Each month Tom Ruff of The Information Market gives his stellar commentary on the housing market. Tom is armed with Pending data of which others do not have access. His insights are below. Read the full issue of STAT for the accompanying graphs.
STAT: 2015 in Review
Each month in STAT, our charts and commentary reflect on the previous month. For example, a December STAT issue will have November’s numbers. This month our commentary will focus on year 2015 in review.
We started 2015 as quietly optimistic, bucking what Freddie Mac’s Multi-Indicator Market Index (MIMI) defined as a “weak and declining market”. It can be great to be a prognosticator of prognosticators, especially when we can sit back and relish our own accomplishments. We were right to be optimistic. The success of 2015 doesn’t rise to champagne corks popping off but there were market improvements in almost every way.
As 2014 ended and 2015 began, there were obvious improvements in our underlying market fundamentals. Put simply, our market was healthier. Price increases had returned to sustainable levels, distressed inventories continued their descent and the percentage of conventional buyers continued to improve. These improving metrics continued throughout the entirety of 2015. With the exception of January, monthly sales volumes for each and every single month were higher in 2015 than in 2014.
Beyond a doubt, 2015 was a much better year than 2014. When Freddie Mac published their quarterly report in October, our market was redefined as improving. Of the four metrics comprising the index, Phoenix outperformed national metrics in terms of affordability and mortgage currency, but lagged behind national averages in overall employment and home purchase applications. As anticipated, our weakest metric, home loan purchase applications (which were still impacted from credit scores damaged by foreclosures), showed marked improvement as 2015 progressed. In particular, the home loan purchase application metric improved 13.73% between August and October.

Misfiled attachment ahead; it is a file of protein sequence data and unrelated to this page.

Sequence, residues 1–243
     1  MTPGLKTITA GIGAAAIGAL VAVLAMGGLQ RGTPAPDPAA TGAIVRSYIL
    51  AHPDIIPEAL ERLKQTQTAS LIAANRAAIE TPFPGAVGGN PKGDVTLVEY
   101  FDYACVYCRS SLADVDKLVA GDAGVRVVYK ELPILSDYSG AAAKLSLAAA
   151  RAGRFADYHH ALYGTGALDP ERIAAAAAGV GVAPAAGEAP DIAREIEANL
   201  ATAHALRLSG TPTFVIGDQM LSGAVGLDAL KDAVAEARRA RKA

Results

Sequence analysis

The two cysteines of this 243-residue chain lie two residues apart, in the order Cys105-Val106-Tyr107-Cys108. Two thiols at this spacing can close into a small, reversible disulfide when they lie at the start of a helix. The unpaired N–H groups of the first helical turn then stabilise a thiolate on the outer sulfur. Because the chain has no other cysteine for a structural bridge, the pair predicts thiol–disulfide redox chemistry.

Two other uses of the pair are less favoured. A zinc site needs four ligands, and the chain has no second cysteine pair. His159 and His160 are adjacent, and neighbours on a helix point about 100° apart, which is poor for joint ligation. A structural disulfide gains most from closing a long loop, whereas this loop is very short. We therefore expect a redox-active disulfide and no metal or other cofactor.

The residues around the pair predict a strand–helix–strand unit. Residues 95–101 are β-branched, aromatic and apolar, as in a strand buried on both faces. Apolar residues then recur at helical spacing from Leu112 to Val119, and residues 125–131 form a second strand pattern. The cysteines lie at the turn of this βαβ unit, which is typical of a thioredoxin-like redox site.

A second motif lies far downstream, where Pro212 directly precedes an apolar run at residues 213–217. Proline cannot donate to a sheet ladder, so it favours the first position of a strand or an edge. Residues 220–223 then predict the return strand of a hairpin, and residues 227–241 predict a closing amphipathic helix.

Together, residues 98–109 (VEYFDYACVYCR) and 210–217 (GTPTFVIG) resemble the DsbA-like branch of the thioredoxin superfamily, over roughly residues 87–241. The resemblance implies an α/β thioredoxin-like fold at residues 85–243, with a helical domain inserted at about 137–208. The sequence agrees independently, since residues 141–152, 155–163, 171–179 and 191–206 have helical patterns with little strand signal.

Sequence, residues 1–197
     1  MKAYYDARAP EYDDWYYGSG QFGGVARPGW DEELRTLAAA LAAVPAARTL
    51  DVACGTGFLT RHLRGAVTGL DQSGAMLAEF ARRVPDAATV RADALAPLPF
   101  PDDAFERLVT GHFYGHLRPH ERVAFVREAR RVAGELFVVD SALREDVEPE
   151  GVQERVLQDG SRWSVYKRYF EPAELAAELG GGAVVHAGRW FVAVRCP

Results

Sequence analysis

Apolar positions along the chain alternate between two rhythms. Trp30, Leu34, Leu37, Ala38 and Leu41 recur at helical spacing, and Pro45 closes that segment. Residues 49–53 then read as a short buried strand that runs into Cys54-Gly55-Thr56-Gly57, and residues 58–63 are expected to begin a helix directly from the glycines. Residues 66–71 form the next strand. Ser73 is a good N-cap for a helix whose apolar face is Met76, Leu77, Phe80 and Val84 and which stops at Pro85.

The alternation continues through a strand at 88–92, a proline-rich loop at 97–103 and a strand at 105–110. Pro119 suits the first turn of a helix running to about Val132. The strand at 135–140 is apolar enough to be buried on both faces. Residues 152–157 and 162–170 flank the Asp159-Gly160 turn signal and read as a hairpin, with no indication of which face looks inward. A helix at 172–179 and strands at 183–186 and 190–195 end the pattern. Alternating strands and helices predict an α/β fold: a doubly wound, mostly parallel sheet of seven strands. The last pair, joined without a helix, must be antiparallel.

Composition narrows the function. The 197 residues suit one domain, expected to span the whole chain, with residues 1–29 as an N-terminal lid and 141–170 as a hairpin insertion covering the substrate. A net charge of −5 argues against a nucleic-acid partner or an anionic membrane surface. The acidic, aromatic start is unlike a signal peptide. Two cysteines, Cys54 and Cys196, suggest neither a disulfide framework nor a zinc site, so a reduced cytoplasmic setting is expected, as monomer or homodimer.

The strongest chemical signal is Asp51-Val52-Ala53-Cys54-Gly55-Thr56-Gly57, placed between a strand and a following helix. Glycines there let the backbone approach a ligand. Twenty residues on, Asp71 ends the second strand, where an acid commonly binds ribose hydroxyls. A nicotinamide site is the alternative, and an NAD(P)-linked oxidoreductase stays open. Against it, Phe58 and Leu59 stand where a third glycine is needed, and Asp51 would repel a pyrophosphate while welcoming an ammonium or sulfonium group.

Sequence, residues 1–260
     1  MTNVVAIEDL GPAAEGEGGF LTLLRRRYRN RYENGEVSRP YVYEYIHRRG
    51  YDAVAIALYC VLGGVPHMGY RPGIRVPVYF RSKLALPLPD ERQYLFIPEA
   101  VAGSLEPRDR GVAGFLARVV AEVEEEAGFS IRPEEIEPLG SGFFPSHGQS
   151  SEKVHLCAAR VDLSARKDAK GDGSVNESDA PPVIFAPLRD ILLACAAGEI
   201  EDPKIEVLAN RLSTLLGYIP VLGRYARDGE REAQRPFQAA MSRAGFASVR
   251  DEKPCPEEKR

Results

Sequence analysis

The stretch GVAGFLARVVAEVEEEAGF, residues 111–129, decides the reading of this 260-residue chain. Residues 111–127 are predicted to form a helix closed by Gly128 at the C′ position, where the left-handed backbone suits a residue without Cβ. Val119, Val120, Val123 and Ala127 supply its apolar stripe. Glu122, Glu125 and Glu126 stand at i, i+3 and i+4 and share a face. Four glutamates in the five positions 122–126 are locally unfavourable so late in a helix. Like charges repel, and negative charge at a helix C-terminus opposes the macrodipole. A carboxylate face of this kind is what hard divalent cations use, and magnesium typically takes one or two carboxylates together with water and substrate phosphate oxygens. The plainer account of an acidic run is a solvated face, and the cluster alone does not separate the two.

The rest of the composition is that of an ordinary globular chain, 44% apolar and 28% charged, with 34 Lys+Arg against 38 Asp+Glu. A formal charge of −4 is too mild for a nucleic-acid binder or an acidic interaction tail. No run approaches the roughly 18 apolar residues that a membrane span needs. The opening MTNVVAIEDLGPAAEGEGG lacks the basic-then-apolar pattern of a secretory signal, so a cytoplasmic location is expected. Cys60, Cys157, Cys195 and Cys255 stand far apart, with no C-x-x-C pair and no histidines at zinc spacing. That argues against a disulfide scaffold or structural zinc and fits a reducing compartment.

October 1 saw the introduction of new TRID guidelines causing a temporary disruption of our charts in terms of both sales volume and the median sales price. By mid-December our charts returned to their normal trajectory, leaving the one last noticeable remnant: +4 days added to average closing time for home purchased with a mortgage.
All things considered, 2015 will go down as an average year. Of the 15 years ARMLS has been reporting sales volume, last year ranks as the 8th highest. After the highs and lows our market has experienced over the last decade, an average year is a nice place to land. It was the type of year you can build a career around.